One in three businesses in Canada say they cannot survive the current coronavirus pandemic conditions for more than a month, according to a new survey.
According to the Canadian Federation of Independent Business, 60 per cent of small businesses have seen a significant drop in sales, with more than a third reporting a reduction greater than 75 per cent.
“More than half of small firms have begun laying off staff, with a quarter reporting they have already been forced to lay off their entire workforce,” president Dan Kelly said.
“At this rate, the only way to prevent massive additional unemployment is for government to introduce a much larger wage subsidy program.”
The small-business advocacy group surveyed nearly 11,000 small business owners.
According to the results, the average cost of the outbreak for affected businesses has also doubled since last week to $136,000.
The organization is proposing a job-retention program that would subsidize wages of employers who are able to retain staff. This would cover at least 75 per cent of wages for all employers, up to a cap of $5,000 per worker per month, and include people who are self-employed and small-business owners.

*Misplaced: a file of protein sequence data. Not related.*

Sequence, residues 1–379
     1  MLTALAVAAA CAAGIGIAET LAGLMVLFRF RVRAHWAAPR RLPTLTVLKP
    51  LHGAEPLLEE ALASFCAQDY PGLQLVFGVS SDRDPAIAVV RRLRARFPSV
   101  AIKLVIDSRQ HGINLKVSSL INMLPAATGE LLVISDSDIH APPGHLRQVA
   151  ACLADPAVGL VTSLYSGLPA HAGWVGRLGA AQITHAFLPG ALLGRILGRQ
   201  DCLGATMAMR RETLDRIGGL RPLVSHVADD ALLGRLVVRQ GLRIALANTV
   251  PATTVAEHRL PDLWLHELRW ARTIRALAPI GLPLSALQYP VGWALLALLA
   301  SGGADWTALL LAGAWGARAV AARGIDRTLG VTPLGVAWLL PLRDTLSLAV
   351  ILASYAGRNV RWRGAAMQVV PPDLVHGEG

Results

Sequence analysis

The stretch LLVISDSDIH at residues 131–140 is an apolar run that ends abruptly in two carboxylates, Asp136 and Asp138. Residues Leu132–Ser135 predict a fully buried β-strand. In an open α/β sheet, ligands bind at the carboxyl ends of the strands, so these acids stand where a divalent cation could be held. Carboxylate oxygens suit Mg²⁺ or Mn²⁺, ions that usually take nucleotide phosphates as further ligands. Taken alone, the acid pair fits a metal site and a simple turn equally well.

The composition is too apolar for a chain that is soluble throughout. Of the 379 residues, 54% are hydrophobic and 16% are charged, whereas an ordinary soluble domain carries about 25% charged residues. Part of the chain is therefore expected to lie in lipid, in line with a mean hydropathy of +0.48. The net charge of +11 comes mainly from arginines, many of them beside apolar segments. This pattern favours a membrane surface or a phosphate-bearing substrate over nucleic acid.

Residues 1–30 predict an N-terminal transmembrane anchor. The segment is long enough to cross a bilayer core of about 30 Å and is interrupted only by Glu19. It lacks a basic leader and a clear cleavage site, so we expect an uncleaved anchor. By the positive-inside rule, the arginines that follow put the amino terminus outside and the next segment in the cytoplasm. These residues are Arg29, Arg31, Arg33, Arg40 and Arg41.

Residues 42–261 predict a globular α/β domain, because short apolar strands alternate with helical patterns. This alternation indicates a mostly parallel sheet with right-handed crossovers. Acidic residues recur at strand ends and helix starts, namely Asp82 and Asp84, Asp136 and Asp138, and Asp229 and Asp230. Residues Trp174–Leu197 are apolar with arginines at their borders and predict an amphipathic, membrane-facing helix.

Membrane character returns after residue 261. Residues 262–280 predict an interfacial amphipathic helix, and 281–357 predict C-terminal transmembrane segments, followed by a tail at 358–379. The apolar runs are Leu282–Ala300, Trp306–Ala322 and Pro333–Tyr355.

The B.C. government introduced a $5-billion aid package on Monday to help mitigate the effects of COVID-19, including $2.2 billion for businesses in the form of the deferral of tax payments.
“On top of the 930,000 new Employment Insurance applications filed last week across Canada, many small business will be forced to make additional layoff decisions in the next few days,” Kelly said.
“Announcing a wage subsidy now will protect many jobs and keep employees connected to their employers, helping to speed the recovery when the COVID-19 emergency phase is over.”
The B.C. government has also announced a $1,000 benefit for all people who are self-employed and have lost work, or who qualify for employment insurance or the new federal wage support programs.